In early June 1966, I learned that Jack Kemp had kept his word. I got a letter from Richard Nixon with a copy of his book ?Six Crises,? which was autographed to me and a picture of Mr. Nixon that was also autographed. Thus my enduring gratitude to Jack Kemp.
Life goes on however. As Jack Kemp became established as a Republican Congressman, I increasingly grew restive about GOP principles. His position on public men such as Ronald Reagan and issues such as supply-side economics became increasingly alien to me. As far as I was concerned, he belatedly declared that he?d vote for the Articles of Impeachment against Mr. Nixon (August 5, 1974). My heart had already been broken by Richard Nixon, so it was hard for me to understand how Jack Kemp, a man of Christian and political principles, wasn?t already sufficiently disillusioned.
Still, I couldn?t entirely consider Congressman Kemp a nonentity. Clearly he was a conservative icon and his 1988 presidential candidacy was of some interest to me. It didn?t seem likely that he?d really be successful though. He was substantial enough, but he often talked too fast and his voice had a ragged tinge to it that I was sure grated on some folk?s nerves. (Actually, I empathized with him on that score as I live with a similar malady.) Still, those 1965/1966 memories were compelling.
Although energetic and passionate, Kemp was an intensely private person, reluctant to talk publicly about his personal experiences and emotional inclinations. Nevertheless, he possessed intellectual and spiritual depth and integrity. He cared intensely about minorities and the disabled. He sought to make it possible for tenants of public housing to purchase their homes while he was George H. W. Bush?s Secretary of Housing and Urban Development. Although thwarted in that effort, he was instrumental in the passage of the Affordable Housing Act which has annually made money available through block grants to low income home and business owners.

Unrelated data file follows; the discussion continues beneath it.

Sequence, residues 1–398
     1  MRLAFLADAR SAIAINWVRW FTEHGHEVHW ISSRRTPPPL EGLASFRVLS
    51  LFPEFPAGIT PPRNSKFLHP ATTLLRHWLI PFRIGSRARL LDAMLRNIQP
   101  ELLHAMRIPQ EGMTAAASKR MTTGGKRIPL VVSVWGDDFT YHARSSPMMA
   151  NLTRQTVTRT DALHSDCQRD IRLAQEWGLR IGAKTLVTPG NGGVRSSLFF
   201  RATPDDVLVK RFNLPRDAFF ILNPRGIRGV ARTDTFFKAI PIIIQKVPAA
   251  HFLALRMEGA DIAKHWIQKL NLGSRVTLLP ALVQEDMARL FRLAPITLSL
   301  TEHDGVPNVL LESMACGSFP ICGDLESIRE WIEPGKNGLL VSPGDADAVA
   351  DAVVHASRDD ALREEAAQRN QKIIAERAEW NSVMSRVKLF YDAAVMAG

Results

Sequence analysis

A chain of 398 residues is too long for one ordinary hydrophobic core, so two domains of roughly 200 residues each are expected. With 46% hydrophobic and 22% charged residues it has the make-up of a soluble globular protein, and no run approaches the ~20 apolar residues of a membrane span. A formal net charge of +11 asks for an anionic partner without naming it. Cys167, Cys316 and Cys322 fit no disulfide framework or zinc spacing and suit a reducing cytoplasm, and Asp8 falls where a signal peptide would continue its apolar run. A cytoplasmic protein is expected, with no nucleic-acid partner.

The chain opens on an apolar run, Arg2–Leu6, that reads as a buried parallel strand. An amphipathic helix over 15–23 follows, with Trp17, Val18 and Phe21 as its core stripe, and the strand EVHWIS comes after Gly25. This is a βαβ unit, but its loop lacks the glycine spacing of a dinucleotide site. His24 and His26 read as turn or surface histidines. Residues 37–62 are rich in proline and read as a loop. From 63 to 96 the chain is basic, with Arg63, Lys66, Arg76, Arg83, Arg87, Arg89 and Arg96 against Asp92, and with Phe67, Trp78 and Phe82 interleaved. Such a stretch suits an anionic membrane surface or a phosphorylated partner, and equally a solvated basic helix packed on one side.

If there are some inclined to dismiss Jack Kemp as merely one of those whose name is on a list of ignominious losing vice presidential candidates (such as John Bricker, Bill Miller, Robert Dole, and Sarah Palin), they?d be well advised to recall that others on that list (Henry Cabot Lodge, Earl Warren, Edmund Muskie, and Franklin Roosevelt) were men of substantial achievement.
Sports heroes and politicians are inevitably judged by their records. Even though he was nominated for the second highest office in our land, Jack Kemp is likely to be remembered most for his success on the football field where he was truly one of the best during his career. However, the impact he made on the ideas of the nation and people he cared most about is intangible. Its substance is energy, commitment, belief, and loyalty. Even so, his legacy glimmers like a magnificent beacon shining above and beyond any achievement measurable in any record book. Goodness! That definition might be the description of a star!
RESPECTFULLY SUBMITTED, EDWIN COONEY